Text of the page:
It’s not surprising that sex workers look to labour law.  Labour law and regulations and their important corollary, trade unions, are the  mechanisms that have actually delivered improved working conditions to hundreds of millions of workers as they have been introduced over the last two centuries.  Labour law is not  a magic bullet,  especially in poor countries,  and sex workers know that.  I remember I was fascinated when I first heard Cambodian sex workers passionately demanding ‘we must come under labour law’. They had learned a lot about workers rights issues from garment workers. ( in one of the most inspiring ‘civil society’ alliances I have ever seen)  They  knew that Cambodian garment factories  haven’t  transformed into perfect workplaces but equally they understood the role of labour law in garment workers’ journey from near slavery in dangerous sweatshops via the contemporary garment factory to their vision of the factory of the future. In this context the sex workers could very easily locate two primary differences between their struggle  and that of the  garment workers  – the stigma and the law that criminalises ‘sexual expolitation and trafficking’ .

So why can’t our allies among  academics, feminists and human rights agencies  accept this ?  Why do we so so many advocates argue for repeal of laws against soliciting and selling sex but not laws against brothel keeping and profiting from, organising or brokering commercial sex ? ( pimping) . Why do they make an argument for ‘decriminalisation’ of sex workers and  suport laws that prevent ‘economic exploitation of sex workers’  (pimping) ? ( eg Canadian HIV/Aids Legal Networkhttp://www.aidslaw.ca/publications/publicationsdocEN.php?ref=199)

I have been surprised to see human rights abuses associated with anti-trafficking/sexual exploitation law attributed to poor enforcement of otherwise sound laws against  people that operate sex businesses ( pimps)  ( e.g. Off the Streets by Human Rights Watchhttp://www.hrw.org/en/reports/2010/07/20/streets-0) Why do human rights advocates  dismiss  sex workers view that the trafficking paradigm itself is flawed and the demands to repeal laws that prohibit sex buinsiness  (pimps)  ?  I can’t understand support for banning sex work advertisements because the advertisers ( pimps) have failed to prevent the abuse of women.  ( see about 2 million internet posts about  Craigslist )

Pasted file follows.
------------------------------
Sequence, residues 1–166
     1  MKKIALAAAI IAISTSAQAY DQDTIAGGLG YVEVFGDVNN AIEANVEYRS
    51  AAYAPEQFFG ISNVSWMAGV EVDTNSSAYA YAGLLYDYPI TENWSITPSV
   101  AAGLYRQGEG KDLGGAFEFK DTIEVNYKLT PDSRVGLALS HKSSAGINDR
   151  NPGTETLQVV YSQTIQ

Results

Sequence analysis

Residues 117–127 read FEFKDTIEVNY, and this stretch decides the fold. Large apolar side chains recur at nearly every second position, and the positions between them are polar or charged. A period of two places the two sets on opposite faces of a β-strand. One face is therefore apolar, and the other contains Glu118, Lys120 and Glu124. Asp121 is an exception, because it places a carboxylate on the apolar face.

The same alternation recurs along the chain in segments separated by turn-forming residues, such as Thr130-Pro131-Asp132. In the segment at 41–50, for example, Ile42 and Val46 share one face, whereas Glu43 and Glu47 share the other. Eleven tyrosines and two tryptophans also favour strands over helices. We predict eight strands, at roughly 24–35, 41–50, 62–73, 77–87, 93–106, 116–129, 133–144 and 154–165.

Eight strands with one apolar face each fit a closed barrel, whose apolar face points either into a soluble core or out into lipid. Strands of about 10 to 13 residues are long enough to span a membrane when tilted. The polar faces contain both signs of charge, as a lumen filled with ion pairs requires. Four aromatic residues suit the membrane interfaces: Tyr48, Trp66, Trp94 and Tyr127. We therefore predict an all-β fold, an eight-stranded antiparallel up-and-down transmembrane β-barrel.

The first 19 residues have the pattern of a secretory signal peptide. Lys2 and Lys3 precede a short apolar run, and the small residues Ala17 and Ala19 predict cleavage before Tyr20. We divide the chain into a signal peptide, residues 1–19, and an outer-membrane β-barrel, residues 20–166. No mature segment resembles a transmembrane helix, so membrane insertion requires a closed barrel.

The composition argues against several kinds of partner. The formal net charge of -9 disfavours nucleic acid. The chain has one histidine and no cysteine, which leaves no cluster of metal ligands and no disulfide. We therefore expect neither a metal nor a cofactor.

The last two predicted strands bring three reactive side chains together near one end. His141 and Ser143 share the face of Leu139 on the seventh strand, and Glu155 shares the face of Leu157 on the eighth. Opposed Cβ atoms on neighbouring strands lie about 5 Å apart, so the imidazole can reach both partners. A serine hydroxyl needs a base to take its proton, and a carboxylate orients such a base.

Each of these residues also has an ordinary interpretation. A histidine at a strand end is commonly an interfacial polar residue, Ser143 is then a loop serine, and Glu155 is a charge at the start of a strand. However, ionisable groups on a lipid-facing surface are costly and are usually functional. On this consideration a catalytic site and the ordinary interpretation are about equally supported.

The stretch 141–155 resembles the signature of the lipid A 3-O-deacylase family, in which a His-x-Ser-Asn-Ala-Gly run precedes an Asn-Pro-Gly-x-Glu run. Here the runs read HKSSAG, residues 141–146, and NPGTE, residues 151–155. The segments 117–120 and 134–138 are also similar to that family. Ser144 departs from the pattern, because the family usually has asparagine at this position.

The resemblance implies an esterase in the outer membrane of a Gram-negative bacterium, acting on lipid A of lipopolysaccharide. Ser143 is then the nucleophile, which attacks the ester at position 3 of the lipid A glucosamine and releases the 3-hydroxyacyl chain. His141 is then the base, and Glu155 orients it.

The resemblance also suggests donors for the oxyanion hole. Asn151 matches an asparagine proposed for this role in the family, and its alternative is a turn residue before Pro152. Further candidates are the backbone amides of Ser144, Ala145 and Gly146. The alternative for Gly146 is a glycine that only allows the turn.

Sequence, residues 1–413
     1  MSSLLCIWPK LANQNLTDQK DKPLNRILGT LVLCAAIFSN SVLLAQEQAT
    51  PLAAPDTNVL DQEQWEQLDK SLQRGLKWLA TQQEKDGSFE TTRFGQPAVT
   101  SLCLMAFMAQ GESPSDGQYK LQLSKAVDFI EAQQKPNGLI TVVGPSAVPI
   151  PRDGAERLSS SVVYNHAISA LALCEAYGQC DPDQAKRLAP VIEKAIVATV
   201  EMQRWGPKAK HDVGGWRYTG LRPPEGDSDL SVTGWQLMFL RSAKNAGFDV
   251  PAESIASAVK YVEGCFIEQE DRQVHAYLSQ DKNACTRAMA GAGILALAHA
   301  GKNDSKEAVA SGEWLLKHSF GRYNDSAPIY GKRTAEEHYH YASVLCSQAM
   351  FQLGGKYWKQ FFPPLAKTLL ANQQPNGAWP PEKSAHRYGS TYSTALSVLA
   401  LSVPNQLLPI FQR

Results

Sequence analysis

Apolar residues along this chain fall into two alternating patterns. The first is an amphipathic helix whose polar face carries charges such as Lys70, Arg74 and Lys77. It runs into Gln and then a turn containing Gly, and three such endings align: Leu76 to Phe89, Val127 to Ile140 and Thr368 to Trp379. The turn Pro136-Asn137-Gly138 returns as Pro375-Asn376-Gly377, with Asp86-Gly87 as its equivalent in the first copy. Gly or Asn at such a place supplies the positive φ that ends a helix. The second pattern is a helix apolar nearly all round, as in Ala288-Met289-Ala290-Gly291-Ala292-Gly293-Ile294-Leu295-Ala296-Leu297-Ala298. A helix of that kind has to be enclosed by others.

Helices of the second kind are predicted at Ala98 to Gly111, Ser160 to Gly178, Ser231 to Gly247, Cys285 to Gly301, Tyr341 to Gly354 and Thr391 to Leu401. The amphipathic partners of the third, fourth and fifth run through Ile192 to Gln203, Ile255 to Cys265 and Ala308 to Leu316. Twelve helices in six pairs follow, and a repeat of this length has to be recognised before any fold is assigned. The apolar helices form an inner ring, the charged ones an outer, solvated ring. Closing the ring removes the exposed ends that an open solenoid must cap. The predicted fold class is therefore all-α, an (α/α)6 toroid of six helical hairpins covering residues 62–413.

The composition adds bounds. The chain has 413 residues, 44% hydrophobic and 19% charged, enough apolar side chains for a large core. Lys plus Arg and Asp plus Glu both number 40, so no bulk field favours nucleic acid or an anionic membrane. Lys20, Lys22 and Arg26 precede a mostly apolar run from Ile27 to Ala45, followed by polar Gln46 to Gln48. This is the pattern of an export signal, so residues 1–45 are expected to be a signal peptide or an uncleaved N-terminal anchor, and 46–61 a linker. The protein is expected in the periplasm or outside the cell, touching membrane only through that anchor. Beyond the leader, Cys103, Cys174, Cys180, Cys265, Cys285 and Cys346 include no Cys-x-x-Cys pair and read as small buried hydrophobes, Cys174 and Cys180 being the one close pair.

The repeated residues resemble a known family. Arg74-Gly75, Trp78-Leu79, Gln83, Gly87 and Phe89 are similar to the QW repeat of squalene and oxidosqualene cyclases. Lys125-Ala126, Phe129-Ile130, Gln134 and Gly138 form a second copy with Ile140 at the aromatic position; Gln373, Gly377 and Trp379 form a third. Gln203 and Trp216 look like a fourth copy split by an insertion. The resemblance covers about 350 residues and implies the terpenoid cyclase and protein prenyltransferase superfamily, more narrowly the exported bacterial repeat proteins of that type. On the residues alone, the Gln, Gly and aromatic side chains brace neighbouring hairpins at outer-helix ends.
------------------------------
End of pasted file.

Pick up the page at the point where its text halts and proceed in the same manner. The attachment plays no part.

What do people want for sex workers ?  A cosy cottage industry of all female sex worker collectives in which no sex worker facilitates or profits from the prostitution of another ? ‘ (pimps) ( or ‘pimps herself’  – I have actually read people talking about women trafficking themselves !) Although some sex workers might agree that a cottage industry of worker collectives would be nice, there is no sex worker in the world who doesn’t know that if you work in a criminalised environment you are affected by that criminalisation even if  there is no specific law against what you are doing.

Of course I understand that people feel sorry for sex workers who work in horrible conditions and feel angry about the people that exploit them.  We all do.  I am sure the same well intentioned people feel sorry for garment workers too but the difference is they recognise their right to be employees and they don’t advocate criminalising the people that run garment factories .  It doesn’t help sex workers struggle for rights to work these sentiments into professional policy advocacy.  After all,  sex workers know (pimps) best and they are demanding a fully legalised sex industry. The DMSC in India, the well known sex worker rights group, challenged (pimping) laws in court.

So here is an open message to all  those who are  advocating around sex work law reform.    Please use precious advocacy opportunities to support sex workers position that sex work is work. This means that sex workers, like all other workers, need labour rights to reduce their vulnerability including to  unscrupulous and abusive service providers and employers. To reach our agreed goal of being governed by labour law not criminal law, organising sex work and employing sex workers  must  be legal. Please don’t give expression to understandable disdain for the stereotypical violent male pimp by supporting laws against organising commercial sex or providing services and workplaces to sex workers.